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Barack Obama says Queen ‘didn’t seem to mind’ wife Michelle placing her arm around the monarch

Former US president dismisses royal protocol row in new memoir

Sarah Young
Tuesday 17 November 2020 12:00 GMT
Michelle Obama puts her arm around the Queen during royal visit
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Barack Obama has dismissed past criticisms that his wife Michelle broke royal protocol by placing her arm around the Queen’s shoulder, writing in his new memoirs that Her Majesty “didn’t seem to mind”.

In 2009, the then First Lady was photographed touching the monarch’s shoulder during a visit for a G20 summit at Buckingham Palace.

At the time, the Queen responded by resting her hand on the former First Lady’s back, but headlines claimed that Michelle had committed a royal-protocol controversy. While there are no legal rules in place, it is accepted that people should not touch a member of the royal family unless they initiate contact.

Writing about the exchange in his new memoir, A Promised Land, Barack dismissed suggestions that the Queen was offended by the gesture.

“She was photographed with her hand resting on Her Majesty's shoulder – an apparent breach of royalty-commoner protocol,” he wrote.

“Although the Queen didn't seem to mind, slipping her arm around Michelle in return.”

The former US president’s autobiography is not the first to address the controversial moment.

In 2018, Michelle spoke about why she put her arm around the Queen and what happened afterwards in her best-selling memoir, Becoming.

“The Queen glanced down at the pair of black Jimmy Choos I was wearing. She shook her head. 'These shoes are unpleasant, are they not?' she said. She gestured with some frustration at her own black pumps. I confessed then to the Queen that my feet were hurting. She confessed that hers hurt, too,” Michelle wrote.

"We looked at each other then with identical expressions, like, when is all this standing around with world leaders going to finally wrap up? And with this, she busted out with a fully charming laugh.”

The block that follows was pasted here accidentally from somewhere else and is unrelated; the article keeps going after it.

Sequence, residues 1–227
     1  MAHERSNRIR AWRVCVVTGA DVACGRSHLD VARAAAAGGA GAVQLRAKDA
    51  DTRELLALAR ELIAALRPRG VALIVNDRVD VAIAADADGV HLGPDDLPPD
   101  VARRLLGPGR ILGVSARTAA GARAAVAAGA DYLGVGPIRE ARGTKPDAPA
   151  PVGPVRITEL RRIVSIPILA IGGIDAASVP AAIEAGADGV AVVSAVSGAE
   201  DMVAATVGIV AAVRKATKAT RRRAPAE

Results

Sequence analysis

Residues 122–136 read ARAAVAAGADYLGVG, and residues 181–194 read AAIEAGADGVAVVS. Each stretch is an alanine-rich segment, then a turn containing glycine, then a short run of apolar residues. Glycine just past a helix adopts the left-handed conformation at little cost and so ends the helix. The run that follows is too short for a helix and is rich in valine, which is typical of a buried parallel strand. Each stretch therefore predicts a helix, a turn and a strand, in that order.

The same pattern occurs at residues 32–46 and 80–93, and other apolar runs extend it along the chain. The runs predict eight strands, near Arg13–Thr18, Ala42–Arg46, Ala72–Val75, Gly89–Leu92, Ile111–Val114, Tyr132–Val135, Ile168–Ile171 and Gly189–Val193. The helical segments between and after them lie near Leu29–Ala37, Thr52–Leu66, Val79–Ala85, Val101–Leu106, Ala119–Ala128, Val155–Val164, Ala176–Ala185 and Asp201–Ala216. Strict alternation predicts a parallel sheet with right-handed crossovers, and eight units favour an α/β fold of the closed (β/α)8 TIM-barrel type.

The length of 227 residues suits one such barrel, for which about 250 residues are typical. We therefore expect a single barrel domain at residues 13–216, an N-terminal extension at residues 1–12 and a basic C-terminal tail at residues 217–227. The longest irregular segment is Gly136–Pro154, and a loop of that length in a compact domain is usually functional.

The former FLOTUS added that she did what was “instinctive” to her by affectionately placing her hand across the Queen’s shoulder, unaware that she was “committing what would be deemed an epic faux pas”.

"If I hadn't done the proper thing at Buckingham Palace, I had at least done the human thing,” Michelle added.

“I daresay the Queen was OK with it too, because when I touched her, she pulled closer, resting a gloved hand lightly on the small of my back."

In Barack's new memoir, the former president explained that prior to their visit to Buckingham Palace in 2009, he joked with his wife about what she should wear for the occasion.

After the trip, he later said to Michelle: “You should have taken my suggestion and worn one of those little hats. And a little matching handbag!”

While there are no official legal rules in place about how to interact with British royalty, many people wish to observe the traditional codes of behaviour.

According to the royal family’s website, men should greet royalty with a neck bow (from the head only) while women are expected to do a small curtsy. Other people prefer simply to shake hands in the usual way.

On presentation to the Queen, the correct formal address is “Your Majesty” and subsequently “Ma'am”.

For male members of the royal family the same rules apply, with the title used in the first instance being “Your Royal Highness” and subsequently “Sir”.

For other female members of the royal family the first address is conventionally “Your Royal Highness” and subsequently “Ma'am”.

You can buy Barack Obama’s new memoir, A Promised Land, here.

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